Announcing the 2017-2018 YLJ Public Interest Fellows
The Journal is pleased to announce a new class of YLJ public interest fellows:
- Charles Du ’17 (Justine Wise Polier Fellow): Unite Here Local 11
- Tal Eisenzweig ’17 (Jane Matilda Bolin Fellow): The Bronx Defenders—Family Defense Practice
- Shelle Shimizu ’17 (Shirley Adelson Siegel Fellow): Brooklyn Defender Services
Each of the three Fellowships is named after an inspiring alumna of the Yale Law School:
- In 1931, Jane Matilda Bolin was the first African-American woman to graduate from Yale Law School. She went on to become the first African-American woman to join the New York City Bar Association, the first to join the New York City Law Department, and the first to serve as a judge in the United States. Her judgeship began in 1939 when she was sworn into the bench of the New York City Domestic Relations Court, and she served in this capacity until she retired at the age of seventy. Throughout her career, Ms. Bolin remained committed to civil service, and worked closely with the NAACP, serving on its executive committee.
- Justine Wise Polier was an editor of Volume 37 of the Yale Law Journal and graduated from Yale Law School in 1928. Prior to law school, she advocated for labor rights at a woolen mill in Passaic, New Jersey. After graduating, she became the first woman to hold a judicial office above magistrate in New York. She served for thirty-eight years as a New York State Family Court judge. Throughout her career, Polier was seen as a brilliant judge and activist who championed the rights of children and the civil rights of African Americans. After retiring from the bench, she served as director of the Juvenile Justice Division of the Children’s Defense Fund.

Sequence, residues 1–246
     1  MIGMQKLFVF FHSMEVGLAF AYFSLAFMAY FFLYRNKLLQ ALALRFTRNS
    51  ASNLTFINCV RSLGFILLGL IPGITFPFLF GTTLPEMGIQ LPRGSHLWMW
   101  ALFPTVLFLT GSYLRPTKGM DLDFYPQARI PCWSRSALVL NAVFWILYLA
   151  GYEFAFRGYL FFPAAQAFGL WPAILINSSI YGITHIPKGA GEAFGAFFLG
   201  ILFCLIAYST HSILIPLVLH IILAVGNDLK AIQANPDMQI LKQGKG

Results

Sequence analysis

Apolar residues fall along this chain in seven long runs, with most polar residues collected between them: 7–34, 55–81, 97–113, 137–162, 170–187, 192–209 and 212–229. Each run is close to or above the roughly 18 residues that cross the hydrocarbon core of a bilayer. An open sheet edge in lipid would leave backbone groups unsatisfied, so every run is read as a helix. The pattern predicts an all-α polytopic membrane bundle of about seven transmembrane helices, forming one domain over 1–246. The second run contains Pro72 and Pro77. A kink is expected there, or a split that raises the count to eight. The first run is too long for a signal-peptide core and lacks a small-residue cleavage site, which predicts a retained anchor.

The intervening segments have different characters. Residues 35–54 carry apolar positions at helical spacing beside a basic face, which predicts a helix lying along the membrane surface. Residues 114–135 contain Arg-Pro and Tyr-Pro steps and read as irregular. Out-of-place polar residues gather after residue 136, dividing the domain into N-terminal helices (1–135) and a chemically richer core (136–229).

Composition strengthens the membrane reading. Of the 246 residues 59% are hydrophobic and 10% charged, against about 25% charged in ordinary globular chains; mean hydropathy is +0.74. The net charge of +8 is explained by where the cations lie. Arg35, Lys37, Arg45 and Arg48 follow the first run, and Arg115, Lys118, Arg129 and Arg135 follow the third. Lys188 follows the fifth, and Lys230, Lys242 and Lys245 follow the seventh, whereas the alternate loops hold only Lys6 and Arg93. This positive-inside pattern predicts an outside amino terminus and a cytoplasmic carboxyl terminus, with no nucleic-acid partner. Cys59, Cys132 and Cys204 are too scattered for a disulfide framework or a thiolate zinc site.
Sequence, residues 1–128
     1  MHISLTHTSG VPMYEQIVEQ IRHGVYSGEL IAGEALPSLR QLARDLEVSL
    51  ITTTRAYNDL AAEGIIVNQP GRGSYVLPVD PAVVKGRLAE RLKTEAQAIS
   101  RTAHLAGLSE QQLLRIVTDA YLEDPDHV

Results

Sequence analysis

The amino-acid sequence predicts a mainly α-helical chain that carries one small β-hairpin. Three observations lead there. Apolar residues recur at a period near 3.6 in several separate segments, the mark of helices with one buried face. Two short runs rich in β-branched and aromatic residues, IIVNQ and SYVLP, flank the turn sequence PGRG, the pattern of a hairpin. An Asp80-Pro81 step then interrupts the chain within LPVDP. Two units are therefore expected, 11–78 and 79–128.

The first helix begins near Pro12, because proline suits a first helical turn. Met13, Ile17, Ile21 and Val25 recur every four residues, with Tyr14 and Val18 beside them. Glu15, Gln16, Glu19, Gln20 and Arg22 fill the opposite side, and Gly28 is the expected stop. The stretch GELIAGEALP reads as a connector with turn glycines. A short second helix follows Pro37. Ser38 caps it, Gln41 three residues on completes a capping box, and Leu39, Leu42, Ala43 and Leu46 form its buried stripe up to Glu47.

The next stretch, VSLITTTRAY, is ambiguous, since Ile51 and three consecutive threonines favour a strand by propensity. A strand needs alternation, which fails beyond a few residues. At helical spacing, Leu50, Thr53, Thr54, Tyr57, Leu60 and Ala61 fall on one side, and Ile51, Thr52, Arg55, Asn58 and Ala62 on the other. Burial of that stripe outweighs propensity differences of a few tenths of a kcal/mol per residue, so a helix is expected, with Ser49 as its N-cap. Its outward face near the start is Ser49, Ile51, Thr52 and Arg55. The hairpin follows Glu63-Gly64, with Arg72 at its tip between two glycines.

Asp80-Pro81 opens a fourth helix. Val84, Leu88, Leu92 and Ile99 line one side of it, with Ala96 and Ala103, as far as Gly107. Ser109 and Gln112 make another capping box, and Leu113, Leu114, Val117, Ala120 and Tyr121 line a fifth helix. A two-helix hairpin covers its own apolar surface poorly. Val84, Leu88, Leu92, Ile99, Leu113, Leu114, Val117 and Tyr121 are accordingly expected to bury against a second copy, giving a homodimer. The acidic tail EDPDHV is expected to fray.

- Shirley Adelson Siegel was an editor of Volume 49 of the Yale Law Journal and graduated from Yale Law School in 1941. She was the only woman in her law school class and went on to work in public housing and civil rights, ultimately becoming the head of the civil-rights bureau of the New York City Law Department in 1959. There she worked to break up discriminatory apprenticeship requirements in the building trades. She also served as general counsel of the Housing and Development Administration and as New York State’s Solicitor General. After taking a few decades off from practicing law in order to teach, she returned to foreclosure prevention work in 2008.
Toward the end of their Fellowship year, the YLJ Fellows will publish short pieces on the Forum. The pieces will incorporate and reflect upon the work that they did over the course of their Fellowship year. In addition, the Fellows will participate in a yearly gathering to honor the outgoing Fellows and welcome the new ones.
Congratulations to the YLJ Fellows!